The joy of giving it all

"I lifted my face to the sun, and I raised my hands, apart and high above my head, in a gesture of surrender. Nine years ago, I had sat cross-legged and anxious as I searched for God's call. Now, I stood tall, grateful." (Provided photo)

"Señor, toma mi vida nueva, antes de que la espera, desgaste años en mí. Estoy dispuesta a lo que quieras; no importa lo que sea. ¡Tu llámame a servir!"

These are the first few lines of "Alma Misionera," a song I learned while volunteering in Ecuador after college. The title means "missionary soul," and when I heard it for the first time, I was discovering that I had one.

The verse above goes like this: "Lord, take my new life, before waiting wears my years away. I am ready and willing for whatever you want, no matter what it is. Call me to serve!"

As my friends from the church youth choir plucked the song out on their guitars, my stomach fluttered, too. A few months into my volunteer experience, I had recently begun discerning a surprising call to religious life. The words of each verse echoed deeply in me. It gave language to a love song that my heart had somehow begun singing to God but that still terrified me. I sang "Alma Misionera" often throughout the next few years as I sifted through my longings and gathered the courage to say yes.

Nine years later, the song still stirs up mystery in my missionary soul.

In May, I found myself on a beach in Ecuador with an afternoon all to myself, and the song came back to me. I had returned to the country to lead a retreat for the current volunteers of the same program I had done, Rostro de Cristo. On Sunday after the volunteers departed, I rushed from the seaside retreat center to the Pacific Ocean below.

The gloriously clear sky and gentle breeze had beckoned people of all ages to the shore. I was elated to be among them, unable to restrain my smile as little ones bobbled around in their tiny swimsuits and groups of friends dove into the waves. Although I walked alone, I felt connected to the pulse of life and overcome with the joy of it all.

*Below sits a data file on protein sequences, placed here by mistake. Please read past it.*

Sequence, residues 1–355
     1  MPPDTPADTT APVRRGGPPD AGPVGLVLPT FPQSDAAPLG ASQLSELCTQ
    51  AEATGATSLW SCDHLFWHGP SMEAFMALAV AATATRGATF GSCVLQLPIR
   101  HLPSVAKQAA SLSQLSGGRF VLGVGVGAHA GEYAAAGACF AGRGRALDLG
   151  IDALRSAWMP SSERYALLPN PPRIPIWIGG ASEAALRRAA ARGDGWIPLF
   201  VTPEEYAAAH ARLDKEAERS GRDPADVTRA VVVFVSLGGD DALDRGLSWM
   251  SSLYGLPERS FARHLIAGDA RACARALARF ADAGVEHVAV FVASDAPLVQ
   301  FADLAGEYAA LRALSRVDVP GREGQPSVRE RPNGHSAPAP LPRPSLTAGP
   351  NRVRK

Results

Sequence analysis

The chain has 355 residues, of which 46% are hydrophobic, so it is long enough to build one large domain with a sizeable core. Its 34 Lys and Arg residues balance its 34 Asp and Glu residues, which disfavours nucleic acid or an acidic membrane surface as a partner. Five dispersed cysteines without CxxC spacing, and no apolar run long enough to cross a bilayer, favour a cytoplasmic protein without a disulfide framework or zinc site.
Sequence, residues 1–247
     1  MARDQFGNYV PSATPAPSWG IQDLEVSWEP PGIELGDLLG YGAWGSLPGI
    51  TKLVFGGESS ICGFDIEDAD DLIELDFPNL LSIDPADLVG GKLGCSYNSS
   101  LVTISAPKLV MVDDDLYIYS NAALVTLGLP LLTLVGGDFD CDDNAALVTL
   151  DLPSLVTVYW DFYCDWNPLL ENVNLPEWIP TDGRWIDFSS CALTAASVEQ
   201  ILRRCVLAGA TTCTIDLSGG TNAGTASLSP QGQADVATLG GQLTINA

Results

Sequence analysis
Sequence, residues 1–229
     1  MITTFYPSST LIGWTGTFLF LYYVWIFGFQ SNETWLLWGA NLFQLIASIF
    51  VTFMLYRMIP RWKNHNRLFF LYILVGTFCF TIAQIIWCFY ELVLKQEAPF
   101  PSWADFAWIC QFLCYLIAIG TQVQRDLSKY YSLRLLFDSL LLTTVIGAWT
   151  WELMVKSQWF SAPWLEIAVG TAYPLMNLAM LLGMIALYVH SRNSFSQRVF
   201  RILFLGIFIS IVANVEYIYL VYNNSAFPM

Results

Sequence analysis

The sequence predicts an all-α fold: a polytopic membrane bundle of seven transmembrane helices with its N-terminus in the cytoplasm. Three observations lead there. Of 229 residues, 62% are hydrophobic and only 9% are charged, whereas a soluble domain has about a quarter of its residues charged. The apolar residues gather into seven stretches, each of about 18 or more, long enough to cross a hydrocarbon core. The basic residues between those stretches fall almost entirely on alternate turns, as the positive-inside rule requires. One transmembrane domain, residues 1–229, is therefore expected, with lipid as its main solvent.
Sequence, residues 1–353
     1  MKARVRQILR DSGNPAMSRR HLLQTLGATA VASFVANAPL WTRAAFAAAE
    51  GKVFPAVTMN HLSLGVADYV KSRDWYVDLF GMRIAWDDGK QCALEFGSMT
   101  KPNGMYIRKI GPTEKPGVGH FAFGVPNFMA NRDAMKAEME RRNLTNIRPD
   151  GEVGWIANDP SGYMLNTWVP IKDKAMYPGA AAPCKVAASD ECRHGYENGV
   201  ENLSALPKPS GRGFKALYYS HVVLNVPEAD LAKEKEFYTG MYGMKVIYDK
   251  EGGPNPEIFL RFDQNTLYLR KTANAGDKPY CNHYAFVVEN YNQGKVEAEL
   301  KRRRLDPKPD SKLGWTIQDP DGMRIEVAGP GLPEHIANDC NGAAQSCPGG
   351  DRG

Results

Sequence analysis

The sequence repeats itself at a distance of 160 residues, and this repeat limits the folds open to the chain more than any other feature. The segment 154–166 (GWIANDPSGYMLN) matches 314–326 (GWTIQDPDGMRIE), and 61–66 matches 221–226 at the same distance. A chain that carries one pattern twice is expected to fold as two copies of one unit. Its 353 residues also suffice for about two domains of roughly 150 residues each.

I walked and walked down the beautiful beach, smiling wider each time the invigorating ocean water encircled my ankles. Sometimes I even skipped, kicking the waves into the air around me, as free and relaxed as I'd felt in months.

Manta beach in Ecuador (Tracy Kemme)

At some point, I realized that I was near to the beach where I first had the inkling as a volunteer in 2008 to explore religious life. In fact, this was the closest geographically that I had been since, only 20 miles up the coast.

My mind floated back to that day and season of my life. Memories began to flood in. I felt transported into the emotions of early discernment: bewilderment, fear, resistance, anxiety, sadness, curiosity, confusion, and only occasionally, openness, courage and peace. I remembered conversations with friends and family over online chat and with fellow volunteers in our community home. I remembered apprehensive but honest prayer and journaling that helped me work through the questions.